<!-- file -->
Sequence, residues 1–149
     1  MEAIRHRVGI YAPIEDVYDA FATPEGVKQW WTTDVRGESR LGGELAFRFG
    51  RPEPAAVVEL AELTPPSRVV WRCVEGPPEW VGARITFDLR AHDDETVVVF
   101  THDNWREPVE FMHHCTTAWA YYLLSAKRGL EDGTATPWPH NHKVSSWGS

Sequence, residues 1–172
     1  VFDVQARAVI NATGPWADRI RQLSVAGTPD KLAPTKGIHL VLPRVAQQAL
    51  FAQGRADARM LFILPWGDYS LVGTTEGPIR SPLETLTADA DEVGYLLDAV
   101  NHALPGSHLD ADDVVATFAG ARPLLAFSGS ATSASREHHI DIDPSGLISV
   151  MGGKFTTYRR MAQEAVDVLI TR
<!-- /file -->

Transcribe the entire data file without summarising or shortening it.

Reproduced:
Sequence, residues 1–149
     1  MEAIRHRVGI YAPIEDVYDA FATPEGVKQW WTTDVRGESR LGGELAFRFG
    51  RPEPAAVVEL AELTPPSRVV WRCVEGPPEW VGARITFDLR AHDDETVVVF
   101  THDNWREPVE FMHHCTTAWA YYLLSAKRGL EDGTATPWPH NHKVSSWGS

Sequence, residues 1–172
     1  VFDVQARAVI NATGPWADRI RQLSVAGTPD KLAPTKGIHL VLPRVAQQAL
    51  FAQGRADARM LFILPWGDYS LVGTTEGPIR SPLETLTADA DEVGYLLDAV
   101  NHALPGSHLD ADDVVATFAG ARPLLAFSGS ATSASREHHI DIDPSGLISV
   151  MGGKFTTYRR MAQEAVDVLI TR